Essays & Anthologies Book Reviews

READING AND WRITING CANCER by Susan Gubar
ESSAYS & ANTHOLOGIES
Released: May 17, 2016

"Bright, upbeat, and empathetic, Gubar argues convincingly that words have the power to heal."
For cancer sufferers, words can lift the spirit. Read full book review >
UNFORBIDDEN PLEASURES by Adam Phillips
ESSAYS & ANTHOLOGIES
Released: May 17, 2016

"A dense, challenging, provocative meditation on morality and identity."
What would society look like if it did not promote the idea "that we are primarily a danger to ourselves and others"? Read full book review >

LITTLE LABORS by Rivka Galchen
ESSAYS & ANTHOLOGIES
Released: May 17, 2016

"A talented writer delivers a miscellany about her maternal transformation."
An engaging mind offers reflections on being a mother, being a writer, and having a baby. Read full book review >
THE PRESIDENTS AND THE CONSTITUTION by Ken Gormley
ESSAYS & ANTHOLOGIES
Released: May 10, 2016

"A useful, educational tome featuring top-drawer contributors—though female scholars are woefully underrepresented."
A fluidly fashioned collection of essays about how the roster of American presidents shaped the executive duties as defined in the Constitution. Read full book review >
DAVE HILL DOESN'T LIVE HERE ANYMORE by Dave Hill
BIOGRAPHY & MEMOIR
Released: May 10, 2016

"Hill makes an amiable companion, and if his stories aren't earth-shattering, his unforced humor is worth a few chuckles."
An unassuming and amusing collection of essays that touches lightly on the modest events of a believably undramatic life. Read full book review >

THE GREAT CLOD by Gary Snyder
BIOGRAPHY & MEMOIR
Released: May 8, 2016

"Elegant and thoughtful, with much to read between the lines in commentary on a long life's work. Students and admirers of Snyder will be enchanted and intrigued."
The noted poet and essayist returns with a deceptively small book enfolding a lifetime's worth of study. Read full book review >
ESSAYS & ANTHOLOGIES
Released: May 6, 2016

"A comprehensive, erudite narrative that traces the history of a group dedicated to exploring alternative and effective patient care delivery."
A book examines the pioneering evolution of a health care initiative centered on mind-body medicine. Read full book review >
ON FRIENDSHIP by Alexander Nehamas
ESSAYS & ANTHOLOGIES
Released: May 3, 2016

"For those wanting to see how the concept of friendship in Western civilization has evolved since Aristotle, this study offers a useful, if idiosyncratic survey."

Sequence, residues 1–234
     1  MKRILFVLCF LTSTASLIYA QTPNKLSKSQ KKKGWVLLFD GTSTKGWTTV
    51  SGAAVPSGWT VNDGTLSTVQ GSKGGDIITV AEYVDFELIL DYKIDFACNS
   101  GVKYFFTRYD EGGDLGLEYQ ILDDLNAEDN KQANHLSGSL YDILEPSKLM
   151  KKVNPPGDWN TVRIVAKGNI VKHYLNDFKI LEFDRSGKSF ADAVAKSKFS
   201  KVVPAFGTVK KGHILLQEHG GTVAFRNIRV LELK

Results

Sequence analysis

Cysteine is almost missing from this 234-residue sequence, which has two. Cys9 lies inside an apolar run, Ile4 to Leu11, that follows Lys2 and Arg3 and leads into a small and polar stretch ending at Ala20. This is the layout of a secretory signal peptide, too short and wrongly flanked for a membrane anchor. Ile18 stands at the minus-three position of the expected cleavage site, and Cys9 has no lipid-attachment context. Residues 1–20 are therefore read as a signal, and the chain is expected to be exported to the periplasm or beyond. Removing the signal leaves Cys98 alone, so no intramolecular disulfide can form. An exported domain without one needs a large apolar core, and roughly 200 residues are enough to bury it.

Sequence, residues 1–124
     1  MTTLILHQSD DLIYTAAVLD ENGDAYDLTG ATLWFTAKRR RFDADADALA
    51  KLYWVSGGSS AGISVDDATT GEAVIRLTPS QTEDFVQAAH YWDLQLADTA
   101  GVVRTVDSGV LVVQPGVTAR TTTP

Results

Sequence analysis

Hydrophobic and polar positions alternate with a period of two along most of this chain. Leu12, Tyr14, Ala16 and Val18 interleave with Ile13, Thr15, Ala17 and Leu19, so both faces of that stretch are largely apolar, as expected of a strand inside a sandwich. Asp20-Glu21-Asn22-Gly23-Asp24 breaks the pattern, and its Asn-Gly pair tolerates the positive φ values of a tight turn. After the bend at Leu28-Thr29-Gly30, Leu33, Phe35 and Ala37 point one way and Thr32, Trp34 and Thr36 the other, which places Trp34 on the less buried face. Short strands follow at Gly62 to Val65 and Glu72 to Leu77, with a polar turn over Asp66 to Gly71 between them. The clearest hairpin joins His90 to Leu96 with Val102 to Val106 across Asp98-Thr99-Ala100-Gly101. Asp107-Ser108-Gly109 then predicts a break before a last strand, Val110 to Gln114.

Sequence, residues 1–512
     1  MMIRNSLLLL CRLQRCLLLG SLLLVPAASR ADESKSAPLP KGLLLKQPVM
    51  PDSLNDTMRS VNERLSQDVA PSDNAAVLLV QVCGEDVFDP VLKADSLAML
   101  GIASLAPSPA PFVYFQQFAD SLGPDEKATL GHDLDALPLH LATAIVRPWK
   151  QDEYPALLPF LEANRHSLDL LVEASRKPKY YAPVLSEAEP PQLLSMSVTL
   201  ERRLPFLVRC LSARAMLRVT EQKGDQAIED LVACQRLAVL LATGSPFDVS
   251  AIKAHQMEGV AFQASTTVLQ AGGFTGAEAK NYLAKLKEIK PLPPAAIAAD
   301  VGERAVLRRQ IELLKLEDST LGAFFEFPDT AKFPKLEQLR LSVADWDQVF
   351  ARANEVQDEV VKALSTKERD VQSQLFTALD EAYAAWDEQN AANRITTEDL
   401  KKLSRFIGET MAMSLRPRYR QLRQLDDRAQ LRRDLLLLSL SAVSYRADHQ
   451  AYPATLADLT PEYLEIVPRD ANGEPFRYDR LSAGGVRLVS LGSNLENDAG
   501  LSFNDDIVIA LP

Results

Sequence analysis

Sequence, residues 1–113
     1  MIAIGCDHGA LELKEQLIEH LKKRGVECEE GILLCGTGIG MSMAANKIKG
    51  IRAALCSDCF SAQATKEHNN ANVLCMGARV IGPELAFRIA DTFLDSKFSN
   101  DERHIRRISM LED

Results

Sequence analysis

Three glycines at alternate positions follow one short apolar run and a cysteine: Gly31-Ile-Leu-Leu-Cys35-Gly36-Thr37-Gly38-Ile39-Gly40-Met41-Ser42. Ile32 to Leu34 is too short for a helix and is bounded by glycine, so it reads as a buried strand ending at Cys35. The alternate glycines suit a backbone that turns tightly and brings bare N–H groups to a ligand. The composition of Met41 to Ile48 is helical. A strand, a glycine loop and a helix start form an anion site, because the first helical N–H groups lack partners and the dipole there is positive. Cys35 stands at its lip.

This conceptual exploration of friendship sees both the good and the bad. Read full book review >
HOW ENGLISH BECAME ENGLISH by Simon Horobin
ESSAYS & ANTHOLOGIES
Released: May 1, 2016

"A happy mixture of scholarship, clear writing, and humor."
A linguistics scholar glances at the history of the English language and takes on some contentious contemporary issues—from "fewer" and "less" to the relationship between language and social status. Read full book review >
OLD AGE by Michael Kinsley
ESSAYS & ANTHOLOGIES
Released: April 26, 2016

"An uneven but ultimately satisfying examination of the importance of 'long years of good health, not long years simply breathing in and out.'"
A short book about aging and baby boomers that mixes memoir and self-help. Read full book review >
REAL ARTISTS HAVE DAY JOBS by Sara Benincasa
ENTERTAINMENT & SPORTS
Released: April 26, 2016

"Raunchy and unabashedly unapologetic, this is useful, take-no-prisoners humor."
Raw and ribald advice for growing up. Read full book review >
CALLINGS by Dave Isay
BUSINESS & ECONOMICS
Released: April 19, 2016

"Inspiring, insightful, and thoroughly readable."
A distinguished public radio producer's collection of conversations with Americans who "found…their way to doing exactly what they were meant to do with their lives." Read full book review >
Kirkus Interview
Fernanda Santos
author of THE FIRE LINE
May 17, 2016

When a bolt of lightning ignited a hilltop in the sleepy town of Yarnell, Arizona, in June 2013, setting off a blaze that would grow into one of the deadliest fires in American history, the 20 men who made up the Granite Mountain Hotshots sprang into action. New York Times writer Fernanda Santos’ debut book The Fire Line is the story of the fire and the Hotshots’ attempts to extinguish it. An elite crew trained to combat the most challenging wildfires, the Hotshots were a ragtag family, crisscrossing the American West and wherever else the fires took them. There's Eric Marsh, their devoted and demanding superintendent who turned his own personal demons into lessons he used to mold, train and guide his crew; Jesse Steed, their captain, a former Marine, a beast on the fire line and a family man who wasn’t afraid to say “I love you” to the firemen he led; Andrew Ashcraft, a team leader still in his 20s who struggled to balance his love for his beautiful wife and four children and his passion for fighting wildfires. We see this band of brothers at work, at play and at home, until a fire that burned in their own backyards leads to a national tragedy. View video >